The Short Life of a Valiant Ship
On October 15, 1942 the destroyer USS Meredith, and the tug USS Vireo, were attacked and sunk by Japanese aircraft carrier planes. For four days, the survivors floated in oil-covered waters, and watched helplessly while their comrades died or drowned or were devoured by sharks. Only ninety-six of the 329 crewmen of both ships, survived to be rescued More
On October 15, 1942 the destroyer USS Meredith, escorting the tug USS Vireo, towing a barge loaded with fuel and ammunition desperately needed by the troops on Guadalcanal, was attacked by Japanese aircraft carrier planes. When the attack seemed imminent, the crew of the lightly armed Vireo was transferred to the destroyer. Overwhelmed by the plane’s bombs and torpedoes, the Meredith sank within minutes. The men who survived the assault floated in the oil-coated ocean for four days, enduring strafing by Japanese planes, dehydration, and the pain of infected wounds and burns. They watched helplessly while their comrades died or drowned or were devoured by sharks. Only ninety-six of the 329 crewmen of both ships, survived to be rescued.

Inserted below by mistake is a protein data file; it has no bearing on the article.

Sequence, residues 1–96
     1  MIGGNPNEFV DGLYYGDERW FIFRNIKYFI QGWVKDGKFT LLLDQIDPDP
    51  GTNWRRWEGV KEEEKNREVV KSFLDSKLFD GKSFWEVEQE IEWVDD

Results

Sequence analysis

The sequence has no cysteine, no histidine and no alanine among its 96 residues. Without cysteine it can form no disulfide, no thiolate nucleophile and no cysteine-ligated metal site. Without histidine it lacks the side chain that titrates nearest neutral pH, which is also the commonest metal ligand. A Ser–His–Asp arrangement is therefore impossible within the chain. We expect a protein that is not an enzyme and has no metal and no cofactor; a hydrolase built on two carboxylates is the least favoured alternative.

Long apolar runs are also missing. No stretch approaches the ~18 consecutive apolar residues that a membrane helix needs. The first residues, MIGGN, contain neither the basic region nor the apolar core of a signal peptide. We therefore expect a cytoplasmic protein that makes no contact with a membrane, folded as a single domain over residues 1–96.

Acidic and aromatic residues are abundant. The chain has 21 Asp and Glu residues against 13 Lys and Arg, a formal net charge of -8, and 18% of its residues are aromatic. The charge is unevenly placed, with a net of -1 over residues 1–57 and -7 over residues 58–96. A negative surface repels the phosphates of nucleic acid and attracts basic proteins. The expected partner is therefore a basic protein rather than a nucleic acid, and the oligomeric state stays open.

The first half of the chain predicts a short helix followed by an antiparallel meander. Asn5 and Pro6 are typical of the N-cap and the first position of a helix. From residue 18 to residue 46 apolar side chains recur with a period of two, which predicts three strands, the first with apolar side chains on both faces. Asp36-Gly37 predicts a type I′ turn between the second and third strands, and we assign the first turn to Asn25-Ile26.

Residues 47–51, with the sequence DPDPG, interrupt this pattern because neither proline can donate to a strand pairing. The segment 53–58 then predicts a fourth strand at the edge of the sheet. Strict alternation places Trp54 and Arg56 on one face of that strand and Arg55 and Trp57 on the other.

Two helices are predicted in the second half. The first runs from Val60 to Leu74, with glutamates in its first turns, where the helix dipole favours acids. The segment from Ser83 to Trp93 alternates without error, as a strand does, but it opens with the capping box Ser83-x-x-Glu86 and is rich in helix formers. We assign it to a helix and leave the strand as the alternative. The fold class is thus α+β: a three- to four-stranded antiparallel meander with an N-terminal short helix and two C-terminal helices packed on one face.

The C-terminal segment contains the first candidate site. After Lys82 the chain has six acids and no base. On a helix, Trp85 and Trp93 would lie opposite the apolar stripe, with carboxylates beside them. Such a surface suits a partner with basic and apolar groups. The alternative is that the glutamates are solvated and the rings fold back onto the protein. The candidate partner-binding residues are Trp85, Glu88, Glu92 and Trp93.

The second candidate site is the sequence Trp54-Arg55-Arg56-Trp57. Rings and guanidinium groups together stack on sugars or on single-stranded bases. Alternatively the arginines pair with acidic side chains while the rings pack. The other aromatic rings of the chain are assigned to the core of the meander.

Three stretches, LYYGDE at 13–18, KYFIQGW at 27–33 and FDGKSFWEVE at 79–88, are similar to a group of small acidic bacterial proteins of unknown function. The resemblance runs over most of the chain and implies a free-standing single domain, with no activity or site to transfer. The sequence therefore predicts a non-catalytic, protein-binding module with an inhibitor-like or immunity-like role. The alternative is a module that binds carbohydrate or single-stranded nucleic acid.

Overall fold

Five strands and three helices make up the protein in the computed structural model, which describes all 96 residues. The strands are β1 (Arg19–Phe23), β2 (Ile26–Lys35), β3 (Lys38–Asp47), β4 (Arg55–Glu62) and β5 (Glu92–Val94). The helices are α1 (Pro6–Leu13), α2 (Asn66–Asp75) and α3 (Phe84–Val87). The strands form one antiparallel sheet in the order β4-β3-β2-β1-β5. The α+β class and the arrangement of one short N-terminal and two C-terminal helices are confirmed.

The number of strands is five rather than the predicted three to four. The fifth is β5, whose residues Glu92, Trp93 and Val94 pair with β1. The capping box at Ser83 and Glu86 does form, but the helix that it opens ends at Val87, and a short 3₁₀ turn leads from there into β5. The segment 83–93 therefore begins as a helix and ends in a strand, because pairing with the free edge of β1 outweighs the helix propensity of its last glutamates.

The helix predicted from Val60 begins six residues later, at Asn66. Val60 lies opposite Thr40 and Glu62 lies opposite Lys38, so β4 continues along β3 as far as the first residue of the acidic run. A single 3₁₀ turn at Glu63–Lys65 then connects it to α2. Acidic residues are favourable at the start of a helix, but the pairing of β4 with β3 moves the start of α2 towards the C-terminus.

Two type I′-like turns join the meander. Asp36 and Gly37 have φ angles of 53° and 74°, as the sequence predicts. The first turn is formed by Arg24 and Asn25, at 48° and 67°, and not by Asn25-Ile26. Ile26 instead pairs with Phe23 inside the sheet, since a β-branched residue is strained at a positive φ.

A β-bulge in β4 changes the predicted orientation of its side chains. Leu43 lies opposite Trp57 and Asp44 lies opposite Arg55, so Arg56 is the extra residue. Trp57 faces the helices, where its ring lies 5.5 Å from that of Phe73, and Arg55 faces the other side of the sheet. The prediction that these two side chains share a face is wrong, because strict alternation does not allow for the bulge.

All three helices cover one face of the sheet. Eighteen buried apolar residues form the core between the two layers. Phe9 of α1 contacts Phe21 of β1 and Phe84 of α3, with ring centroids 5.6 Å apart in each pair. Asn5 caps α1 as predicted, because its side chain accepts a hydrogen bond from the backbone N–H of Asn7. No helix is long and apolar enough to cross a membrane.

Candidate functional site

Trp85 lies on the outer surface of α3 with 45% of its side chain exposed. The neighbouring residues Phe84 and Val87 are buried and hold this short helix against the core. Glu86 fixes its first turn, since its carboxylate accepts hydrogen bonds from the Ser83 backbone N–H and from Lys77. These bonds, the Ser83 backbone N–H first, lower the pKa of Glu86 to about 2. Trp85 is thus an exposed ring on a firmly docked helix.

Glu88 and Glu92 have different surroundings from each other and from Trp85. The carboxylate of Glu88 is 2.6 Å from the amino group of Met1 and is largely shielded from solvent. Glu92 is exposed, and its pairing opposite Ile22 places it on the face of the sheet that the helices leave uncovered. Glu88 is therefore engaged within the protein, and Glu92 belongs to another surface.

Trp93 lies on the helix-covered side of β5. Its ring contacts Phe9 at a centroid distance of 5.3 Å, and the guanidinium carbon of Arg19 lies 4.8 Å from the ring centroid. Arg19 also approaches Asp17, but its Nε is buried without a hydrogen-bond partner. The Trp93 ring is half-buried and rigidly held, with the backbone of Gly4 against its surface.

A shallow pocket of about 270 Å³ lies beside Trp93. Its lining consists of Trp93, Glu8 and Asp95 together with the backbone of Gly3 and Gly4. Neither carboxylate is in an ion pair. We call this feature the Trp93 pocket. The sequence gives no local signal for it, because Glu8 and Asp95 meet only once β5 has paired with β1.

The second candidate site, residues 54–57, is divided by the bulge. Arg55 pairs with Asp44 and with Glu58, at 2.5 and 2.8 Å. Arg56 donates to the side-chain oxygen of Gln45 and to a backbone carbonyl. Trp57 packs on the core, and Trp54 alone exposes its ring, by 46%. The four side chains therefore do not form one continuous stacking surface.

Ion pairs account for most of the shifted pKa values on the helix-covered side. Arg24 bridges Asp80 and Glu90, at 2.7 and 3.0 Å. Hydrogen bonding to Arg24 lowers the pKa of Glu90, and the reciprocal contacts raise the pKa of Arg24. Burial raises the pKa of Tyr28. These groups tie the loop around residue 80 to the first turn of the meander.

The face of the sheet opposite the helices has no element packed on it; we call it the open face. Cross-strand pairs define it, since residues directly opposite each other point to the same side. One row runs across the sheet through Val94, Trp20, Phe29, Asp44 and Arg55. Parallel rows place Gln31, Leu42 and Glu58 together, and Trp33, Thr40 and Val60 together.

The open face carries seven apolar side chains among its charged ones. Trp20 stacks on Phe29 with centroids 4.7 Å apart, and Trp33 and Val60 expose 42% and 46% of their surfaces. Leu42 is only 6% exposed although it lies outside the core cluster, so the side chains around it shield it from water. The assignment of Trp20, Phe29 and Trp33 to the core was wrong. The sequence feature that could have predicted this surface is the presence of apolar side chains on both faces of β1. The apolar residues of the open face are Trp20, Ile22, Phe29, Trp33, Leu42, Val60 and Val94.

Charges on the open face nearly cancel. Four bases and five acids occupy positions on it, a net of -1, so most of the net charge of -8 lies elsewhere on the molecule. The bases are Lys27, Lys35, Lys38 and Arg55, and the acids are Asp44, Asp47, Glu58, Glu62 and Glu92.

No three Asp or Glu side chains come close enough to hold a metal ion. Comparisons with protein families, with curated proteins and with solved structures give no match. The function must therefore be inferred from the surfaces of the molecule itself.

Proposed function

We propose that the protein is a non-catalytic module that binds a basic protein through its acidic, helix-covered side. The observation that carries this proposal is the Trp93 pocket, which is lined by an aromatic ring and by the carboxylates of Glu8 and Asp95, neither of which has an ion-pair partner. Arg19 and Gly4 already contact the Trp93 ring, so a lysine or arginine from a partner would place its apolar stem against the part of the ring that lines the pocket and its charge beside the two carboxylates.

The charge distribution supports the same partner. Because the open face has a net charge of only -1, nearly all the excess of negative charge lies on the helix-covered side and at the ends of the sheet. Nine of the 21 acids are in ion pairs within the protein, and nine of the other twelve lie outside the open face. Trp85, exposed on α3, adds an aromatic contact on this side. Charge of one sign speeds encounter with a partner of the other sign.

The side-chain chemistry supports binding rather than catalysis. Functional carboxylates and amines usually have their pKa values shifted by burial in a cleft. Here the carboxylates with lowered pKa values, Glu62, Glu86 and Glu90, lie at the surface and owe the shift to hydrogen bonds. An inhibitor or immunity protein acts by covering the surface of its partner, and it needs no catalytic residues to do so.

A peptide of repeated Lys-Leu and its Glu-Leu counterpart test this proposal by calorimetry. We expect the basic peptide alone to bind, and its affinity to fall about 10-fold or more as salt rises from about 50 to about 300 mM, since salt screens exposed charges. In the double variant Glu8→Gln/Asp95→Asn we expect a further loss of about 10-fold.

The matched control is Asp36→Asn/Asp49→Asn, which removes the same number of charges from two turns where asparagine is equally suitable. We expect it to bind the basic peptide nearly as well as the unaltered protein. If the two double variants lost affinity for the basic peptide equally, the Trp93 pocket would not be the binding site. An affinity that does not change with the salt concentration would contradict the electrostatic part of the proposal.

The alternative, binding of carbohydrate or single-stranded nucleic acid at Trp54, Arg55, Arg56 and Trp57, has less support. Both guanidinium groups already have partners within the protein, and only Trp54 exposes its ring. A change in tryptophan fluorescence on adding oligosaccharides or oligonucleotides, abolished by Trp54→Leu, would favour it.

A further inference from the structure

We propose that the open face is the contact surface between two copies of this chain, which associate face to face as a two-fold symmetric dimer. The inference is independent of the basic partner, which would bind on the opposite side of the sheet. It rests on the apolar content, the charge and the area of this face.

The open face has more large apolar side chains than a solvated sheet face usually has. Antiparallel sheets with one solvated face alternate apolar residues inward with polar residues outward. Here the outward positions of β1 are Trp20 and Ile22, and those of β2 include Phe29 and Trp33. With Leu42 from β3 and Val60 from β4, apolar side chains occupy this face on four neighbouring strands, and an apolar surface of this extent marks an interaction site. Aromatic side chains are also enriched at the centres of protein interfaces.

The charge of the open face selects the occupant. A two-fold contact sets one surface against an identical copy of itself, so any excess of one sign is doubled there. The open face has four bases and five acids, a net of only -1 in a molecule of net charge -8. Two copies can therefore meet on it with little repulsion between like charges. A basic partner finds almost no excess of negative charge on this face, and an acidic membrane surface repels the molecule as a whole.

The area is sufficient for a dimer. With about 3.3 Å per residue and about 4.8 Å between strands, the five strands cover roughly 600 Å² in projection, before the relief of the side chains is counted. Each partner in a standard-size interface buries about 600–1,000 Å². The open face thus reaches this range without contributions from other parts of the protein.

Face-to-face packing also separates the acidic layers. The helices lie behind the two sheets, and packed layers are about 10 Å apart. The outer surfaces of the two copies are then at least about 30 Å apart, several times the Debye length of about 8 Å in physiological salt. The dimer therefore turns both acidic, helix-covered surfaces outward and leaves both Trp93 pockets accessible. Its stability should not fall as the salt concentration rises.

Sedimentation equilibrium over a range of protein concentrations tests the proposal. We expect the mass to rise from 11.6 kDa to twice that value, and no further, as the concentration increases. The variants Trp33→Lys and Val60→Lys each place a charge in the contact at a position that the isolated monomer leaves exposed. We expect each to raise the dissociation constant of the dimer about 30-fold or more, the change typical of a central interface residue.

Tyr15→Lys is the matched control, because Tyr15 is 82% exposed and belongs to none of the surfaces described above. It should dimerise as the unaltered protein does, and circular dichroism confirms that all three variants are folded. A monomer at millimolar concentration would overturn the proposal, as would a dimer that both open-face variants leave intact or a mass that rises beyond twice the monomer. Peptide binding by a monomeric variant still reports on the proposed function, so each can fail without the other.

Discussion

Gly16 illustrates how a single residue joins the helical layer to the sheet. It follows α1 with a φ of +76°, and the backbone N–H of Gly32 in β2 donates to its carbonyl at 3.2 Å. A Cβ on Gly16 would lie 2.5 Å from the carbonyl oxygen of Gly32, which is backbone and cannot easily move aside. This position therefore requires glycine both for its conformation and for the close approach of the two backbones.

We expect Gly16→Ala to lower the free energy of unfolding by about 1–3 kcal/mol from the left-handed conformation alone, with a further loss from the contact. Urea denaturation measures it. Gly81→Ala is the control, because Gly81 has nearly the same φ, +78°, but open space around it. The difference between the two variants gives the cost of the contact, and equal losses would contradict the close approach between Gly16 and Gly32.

Although the saga is little more than a footnote in official Naval reports of World War II, the dramatic story as told by the survivors deserves to be heard by a wider audience. In addition to the extended families of the ships’ crewmembers, and to readers of action-adventure stories, the narrative will be of particular interest to maritime historians, to the 25,000 members of The National Association of Destroyer Veterans, and to the thousands of men and women who have served or are serving in ships of all types.